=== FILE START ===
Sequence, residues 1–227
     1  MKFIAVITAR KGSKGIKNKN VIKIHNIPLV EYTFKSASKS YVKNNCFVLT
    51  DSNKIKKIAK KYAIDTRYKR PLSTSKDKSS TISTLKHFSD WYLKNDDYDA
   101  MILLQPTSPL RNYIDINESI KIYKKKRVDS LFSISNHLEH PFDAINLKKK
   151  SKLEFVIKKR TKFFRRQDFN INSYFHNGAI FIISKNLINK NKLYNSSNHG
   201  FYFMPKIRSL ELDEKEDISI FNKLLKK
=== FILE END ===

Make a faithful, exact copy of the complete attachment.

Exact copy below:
Sequence, residues 1–227
     1  MKFIAVITAR KGSKGIKNKN VIKIHNIPLV EYTFKSASKS YVKNNCFVLT
    51  DSNKIKKIAK KYAIDTRYKR PLSTSKDKSS TISTLKHFSD WYLKNDDYDA
   101  MILLQPTSPL RNYIDINESI KIYKKKRVDS LFSISNHLEH PFDAINLKKK
   151  SKLEFVIKKR TKFFRRQDFN INSYFHNGAI FIISKNLINK NKLYNSSNHG
   201  FYFMPKIRSL ELDEKEDISI FNKLLKK